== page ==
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OER are accessible, and Accessible

by Megan Dempsey on 2019-03-08T15:05:55-05:00 | Comments

Not only are OER easy to access from the first day of classes due to their free availability online, but OER are also Accessible with a capital A. Because of their digital nature, well-designed OER often have accessibility features that make them easier to use for students that require accommodations in course materials. Although we know that not all OER are created equal, faculty selecting OER can assess their accessibility as part of their course materials evaluation process. As issues of accessibility become more visible and prominent in higher education, more and more OER are being developed with accessibility in mind. 

OER that are available in a variety of formats enhance accessibility because they can display across a variety of devices and technologies and allow for the addition of location-specific content (UDL on Campus). For students with visual impairments, the text of digital OER can often be more easily magnified without the need for specialized software, and OER designed with accessibility in mind should be handled relatively well by screen-reading software. In addition, the permissions granted by an open license remove legal barriers to adapting and customizing OER, making it possible to create learning environments that are more flexible and robust for students (SPARC). And those adapted and customized materials can be freely shared with other institutions, unlike modifications made to commercial texts for students with disabilities. Finally, as faculty adopt OER, they may choose to incorporate more multimedia and interactive media, or these diversified learning objects may already be part of the adopted OER. Varied course materials provide students with greater flexibility in how they learn content, particularly if attention is paid to the accessibility features of media - for example, ensuring videos are closed-captioned - when selecting OER.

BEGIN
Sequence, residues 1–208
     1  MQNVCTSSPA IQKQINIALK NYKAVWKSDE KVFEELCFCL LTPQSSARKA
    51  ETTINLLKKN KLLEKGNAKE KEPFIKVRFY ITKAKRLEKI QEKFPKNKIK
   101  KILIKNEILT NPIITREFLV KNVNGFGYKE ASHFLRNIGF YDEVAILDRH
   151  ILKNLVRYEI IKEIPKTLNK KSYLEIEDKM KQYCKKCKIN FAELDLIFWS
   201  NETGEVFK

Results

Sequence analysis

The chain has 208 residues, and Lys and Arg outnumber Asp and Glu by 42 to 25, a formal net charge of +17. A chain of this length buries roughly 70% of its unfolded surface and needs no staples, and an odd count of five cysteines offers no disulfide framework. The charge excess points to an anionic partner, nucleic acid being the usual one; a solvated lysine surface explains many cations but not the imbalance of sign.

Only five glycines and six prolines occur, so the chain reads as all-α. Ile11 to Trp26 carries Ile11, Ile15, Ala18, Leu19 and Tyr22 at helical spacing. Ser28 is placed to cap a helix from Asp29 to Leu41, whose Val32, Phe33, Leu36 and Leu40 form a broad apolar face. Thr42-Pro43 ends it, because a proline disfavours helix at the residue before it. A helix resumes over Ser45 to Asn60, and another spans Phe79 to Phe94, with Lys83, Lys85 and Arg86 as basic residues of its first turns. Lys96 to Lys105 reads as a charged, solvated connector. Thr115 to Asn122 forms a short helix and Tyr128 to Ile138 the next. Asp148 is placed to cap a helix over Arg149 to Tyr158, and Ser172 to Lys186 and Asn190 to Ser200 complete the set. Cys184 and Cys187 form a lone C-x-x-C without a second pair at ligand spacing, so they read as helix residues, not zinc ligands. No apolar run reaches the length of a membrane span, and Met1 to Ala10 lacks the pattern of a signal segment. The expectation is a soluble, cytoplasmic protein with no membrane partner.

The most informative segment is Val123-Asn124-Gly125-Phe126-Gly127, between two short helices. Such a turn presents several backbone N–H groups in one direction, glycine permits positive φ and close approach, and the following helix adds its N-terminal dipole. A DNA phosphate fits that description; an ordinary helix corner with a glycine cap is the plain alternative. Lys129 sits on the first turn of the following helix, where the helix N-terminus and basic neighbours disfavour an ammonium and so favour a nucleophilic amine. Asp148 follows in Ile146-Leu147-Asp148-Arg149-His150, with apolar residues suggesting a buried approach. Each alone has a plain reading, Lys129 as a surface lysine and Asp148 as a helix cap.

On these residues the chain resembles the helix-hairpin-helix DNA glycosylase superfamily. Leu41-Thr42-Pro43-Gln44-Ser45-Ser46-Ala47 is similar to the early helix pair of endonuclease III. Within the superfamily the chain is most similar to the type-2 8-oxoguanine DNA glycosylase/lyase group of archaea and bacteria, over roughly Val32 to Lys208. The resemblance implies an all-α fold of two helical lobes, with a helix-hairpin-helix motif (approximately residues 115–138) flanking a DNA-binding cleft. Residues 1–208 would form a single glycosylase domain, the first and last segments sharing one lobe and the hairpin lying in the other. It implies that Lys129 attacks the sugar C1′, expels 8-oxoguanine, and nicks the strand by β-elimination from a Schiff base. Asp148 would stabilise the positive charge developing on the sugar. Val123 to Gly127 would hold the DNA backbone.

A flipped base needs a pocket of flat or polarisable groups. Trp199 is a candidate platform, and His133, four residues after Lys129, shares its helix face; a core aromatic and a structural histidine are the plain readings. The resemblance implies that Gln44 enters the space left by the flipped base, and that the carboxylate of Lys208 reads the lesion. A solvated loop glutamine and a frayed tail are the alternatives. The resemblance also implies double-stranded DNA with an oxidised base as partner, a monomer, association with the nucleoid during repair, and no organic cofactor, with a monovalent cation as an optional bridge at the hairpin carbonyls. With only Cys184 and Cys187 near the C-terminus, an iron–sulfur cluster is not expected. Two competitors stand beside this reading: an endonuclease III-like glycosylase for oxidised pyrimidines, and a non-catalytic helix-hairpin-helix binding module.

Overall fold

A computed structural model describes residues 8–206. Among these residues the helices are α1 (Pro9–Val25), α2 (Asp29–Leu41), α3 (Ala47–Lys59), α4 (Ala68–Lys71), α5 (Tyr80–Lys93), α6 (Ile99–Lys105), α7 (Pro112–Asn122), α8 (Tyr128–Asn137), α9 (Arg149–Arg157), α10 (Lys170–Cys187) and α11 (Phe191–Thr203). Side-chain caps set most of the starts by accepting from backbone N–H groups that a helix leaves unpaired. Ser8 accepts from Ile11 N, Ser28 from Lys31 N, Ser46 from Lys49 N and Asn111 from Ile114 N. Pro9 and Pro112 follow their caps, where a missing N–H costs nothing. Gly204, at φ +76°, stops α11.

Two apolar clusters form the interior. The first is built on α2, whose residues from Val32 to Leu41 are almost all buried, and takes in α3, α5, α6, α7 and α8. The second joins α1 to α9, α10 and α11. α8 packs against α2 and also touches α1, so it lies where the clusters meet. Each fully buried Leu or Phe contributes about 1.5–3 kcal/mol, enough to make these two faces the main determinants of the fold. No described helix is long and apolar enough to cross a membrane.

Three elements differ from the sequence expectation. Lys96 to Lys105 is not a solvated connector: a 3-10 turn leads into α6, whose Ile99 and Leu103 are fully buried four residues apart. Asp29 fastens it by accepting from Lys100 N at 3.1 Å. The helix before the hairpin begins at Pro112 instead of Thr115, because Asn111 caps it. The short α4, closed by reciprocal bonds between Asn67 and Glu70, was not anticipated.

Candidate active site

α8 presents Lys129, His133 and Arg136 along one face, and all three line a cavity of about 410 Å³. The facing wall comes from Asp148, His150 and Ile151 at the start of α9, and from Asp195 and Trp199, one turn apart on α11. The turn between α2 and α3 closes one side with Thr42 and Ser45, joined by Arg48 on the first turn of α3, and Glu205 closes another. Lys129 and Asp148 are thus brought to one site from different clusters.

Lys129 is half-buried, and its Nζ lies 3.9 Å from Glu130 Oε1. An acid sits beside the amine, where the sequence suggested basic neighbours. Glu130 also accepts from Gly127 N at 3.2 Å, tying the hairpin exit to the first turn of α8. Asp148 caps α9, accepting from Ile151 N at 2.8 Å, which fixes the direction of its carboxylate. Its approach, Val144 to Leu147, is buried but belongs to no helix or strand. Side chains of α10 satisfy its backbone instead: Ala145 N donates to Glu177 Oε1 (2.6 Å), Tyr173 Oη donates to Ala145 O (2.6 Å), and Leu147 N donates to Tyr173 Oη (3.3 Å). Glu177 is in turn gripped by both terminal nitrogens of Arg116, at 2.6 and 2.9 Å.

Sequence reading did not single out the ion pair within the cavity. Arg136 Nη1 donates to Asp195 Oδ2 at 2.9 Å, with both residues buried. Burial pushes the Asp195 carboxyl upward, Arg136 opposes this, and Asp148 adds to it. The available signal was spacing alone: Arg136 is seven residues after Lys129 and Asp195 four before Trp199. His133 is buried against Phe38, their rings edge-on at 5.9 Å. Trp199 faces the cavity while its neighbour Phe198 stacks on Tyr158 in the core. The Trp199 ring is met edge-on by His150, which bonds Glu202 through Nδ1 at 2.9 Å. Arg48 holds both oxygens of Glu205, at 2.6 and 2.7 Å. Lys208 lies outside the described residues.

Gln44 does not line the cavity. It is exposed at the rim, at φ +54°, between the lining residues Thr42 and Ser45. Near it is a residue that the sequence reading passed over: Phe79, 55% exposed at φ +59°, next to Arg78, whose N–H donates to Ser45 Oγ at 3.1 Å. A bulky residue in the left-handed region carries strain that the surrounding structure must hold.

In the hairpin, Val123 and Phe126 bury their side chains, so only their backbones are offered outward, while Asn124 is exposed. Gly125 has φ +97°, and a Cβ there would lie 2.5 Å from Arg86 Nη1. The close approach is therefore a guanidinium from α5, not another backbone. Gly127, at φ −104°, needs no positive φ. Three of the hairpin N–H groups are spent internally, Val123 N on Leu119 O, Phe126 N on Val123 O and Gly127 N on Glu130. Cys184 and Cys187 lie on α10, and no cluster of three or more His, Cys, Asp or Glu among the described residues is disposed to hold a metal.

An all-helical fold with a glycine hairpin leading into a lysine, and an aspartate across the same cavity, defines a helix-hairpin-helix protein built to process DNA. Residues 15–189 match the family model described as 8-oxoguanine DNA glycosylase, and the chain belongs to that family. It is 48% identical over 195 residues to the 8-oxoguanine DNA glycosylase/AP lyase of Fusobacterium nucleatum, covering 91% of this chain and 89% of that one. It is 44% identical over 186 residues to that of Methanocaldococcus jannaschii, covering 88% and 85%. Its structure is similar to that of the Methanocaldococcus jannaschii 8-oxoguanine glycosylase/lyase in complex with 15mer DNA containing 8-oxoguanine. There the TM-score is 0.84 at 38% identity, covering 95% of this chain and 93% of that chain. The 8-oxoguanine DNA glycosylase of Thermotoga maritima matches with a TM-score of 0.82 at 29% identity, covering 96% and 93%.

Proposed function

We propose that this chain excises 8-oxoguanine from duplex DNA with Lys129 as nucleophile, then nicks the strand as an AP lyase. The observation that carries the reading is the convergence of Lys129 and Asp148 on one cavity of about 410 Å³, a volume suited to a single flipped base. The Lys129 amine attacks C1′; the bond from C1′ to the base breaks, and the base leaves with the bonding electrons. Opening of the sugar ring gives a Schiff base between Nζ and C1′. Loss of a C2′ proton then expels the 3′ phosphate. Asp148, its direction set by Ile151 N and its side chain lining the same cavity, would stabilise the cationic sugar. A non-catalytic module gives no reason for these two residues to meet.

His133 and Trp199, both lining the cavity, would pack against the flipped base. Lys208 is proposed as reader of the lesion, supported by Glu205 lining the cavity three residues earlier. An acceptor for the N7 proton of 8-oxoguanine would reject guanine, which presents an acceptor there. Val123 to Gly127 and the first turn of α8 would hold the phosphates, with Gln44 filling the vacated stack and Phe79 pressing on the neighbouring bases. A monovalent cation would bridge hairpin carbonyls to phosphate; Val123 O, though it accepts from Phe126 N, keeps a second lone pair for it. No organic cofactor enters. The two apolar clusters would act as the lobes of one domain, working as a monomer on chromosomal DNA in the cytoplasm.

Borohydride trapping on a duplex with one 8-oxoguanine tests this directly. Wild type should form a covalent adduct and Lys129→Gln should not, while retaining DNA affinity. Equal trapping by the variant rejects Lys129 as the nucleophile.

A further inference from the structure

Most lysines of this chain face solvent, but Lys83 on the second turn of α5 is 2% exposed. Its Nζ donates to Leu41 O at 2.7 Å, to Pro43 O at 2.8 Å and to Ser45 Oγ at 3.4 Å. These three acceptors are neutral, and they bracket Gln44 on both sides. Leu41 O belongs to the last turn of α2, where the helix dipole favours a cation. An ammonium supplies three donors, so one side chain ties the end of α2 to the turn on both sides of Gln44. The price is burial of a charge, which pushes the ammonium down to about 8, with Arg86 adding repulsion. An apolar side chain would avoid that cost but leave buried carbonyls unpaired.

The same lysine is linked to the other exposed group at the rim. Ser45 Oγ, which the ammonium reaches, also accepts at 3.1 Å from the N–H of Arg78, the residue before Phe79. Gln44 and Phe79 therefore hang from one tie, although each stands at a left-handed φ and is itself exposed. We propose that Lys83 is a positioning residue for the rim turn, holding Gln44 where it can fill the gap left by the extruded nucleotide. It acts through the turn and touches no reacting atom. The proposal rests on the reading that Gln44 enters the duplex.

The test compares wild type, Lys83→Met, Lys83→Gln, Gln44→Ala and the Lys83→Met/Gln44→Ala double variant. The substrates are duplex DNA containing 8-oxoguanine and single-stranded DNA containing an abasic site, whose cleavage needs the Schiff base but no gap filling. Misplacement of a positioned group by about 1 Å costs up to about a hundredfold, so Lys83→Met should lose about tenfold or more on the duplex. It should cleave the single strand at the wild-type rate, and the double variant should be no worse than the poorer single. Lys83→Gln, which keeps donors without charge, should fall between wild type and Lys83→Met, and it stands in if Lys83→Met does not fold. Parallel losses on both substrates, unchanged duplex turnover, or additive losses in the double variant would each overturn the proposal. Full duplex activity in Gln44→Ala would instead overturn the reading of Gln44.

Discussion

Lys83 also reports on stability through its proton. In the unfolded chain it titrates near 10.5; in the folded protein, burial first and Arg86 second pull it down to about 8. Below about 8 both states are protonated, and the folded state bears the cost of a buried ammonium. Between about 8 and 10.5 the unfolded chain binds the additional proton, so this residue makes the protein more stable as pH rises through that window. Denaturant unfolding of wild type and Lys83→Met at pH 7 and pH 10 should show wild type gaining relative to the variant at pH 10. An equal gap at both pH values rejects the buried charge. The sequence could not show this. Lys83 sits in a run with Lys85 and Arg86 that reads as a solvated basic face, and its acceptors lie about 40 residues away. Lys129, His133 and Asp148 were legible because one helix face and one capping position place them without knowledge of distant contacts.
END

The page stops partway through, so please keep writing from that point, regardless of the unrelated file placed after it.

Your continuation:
At RVCC (and most other institutions of higher education), students who are eligible for disability accommodations must self-identify to their instructor and present a letter of accommodation from the Office of Disability Services. Recently, Professor Melanie Morris conducted a study to collect information from students with disabilities regarding their experiences using OER and to demonstrate the efficacy of OER specifically for students with disabilities. From the Office of Disability Services, Professor Morris knew that there were 19 students in her Business Law courses over two semesters that were entitled to accommodations (numbers, but not names, were shared with Professor Morris for the study). However, of those 19, only 5 self-identified to the professor and presented letters of accommodation. There could be any number of reasons why a student would not self-identify, but conversations with the Director of Disability Services indicate that it is not beyond reason to suspect that because Professor Morris' class is built on Universal Design principles generally, and because she assigns OER that are accessible, students had less of a need to ask for accommodations. Many of the accommodations they would need were already present by design and thus benefiting not just the students with disabilities, but all students. While this theory goes beyond simply the use of OER and is based on Universal Design for Learning (UDL) in the course, the faculty members' choice to use OER aligns with her commitment to UDL. 

Professor Morris interviewed the students who did self-identify in her courses and gained useful information about their experiences using OER. Although the sample size is small, all students reported that they had more than one means of accessing the open text, that they accessed the open text on more than one device, and that they had the text read to them and followed along with the print or screen-based version. Additionally, on a scale from 1 to 10, all of the students rated the open text higher than a commercial text on "accessibility." But not only was the student experience improved, it would seem that student outcomes improved as well. Of the students studied in spring 2018 (again, a small sample size due to the small number that self-identified), the students receiving accommodations had an average G.P.A. in Business Law of 3.32. That same group had an overall average G.P.A. of 2.64.

Faculty considering OER adoption can refer to Achieve's OER Rubrics, specifically Rubric VIII, for information on what to look for in evaluating the accessibility of an OER. 



Achieve. (2011). Achieve OER Rubrics. Retrieved 8 March 2019 from  CC BY

Morris, M. (2019). Email communication. 

SPARC. (2018). OER and Accessibility: Working Toward Inclusive Access. Retrieved 8 March 2019 from BY 

UDL on Campus. Accessibility and Open Educational Resources on Campus. Retrieved 8 March 2019 from CC BY SA



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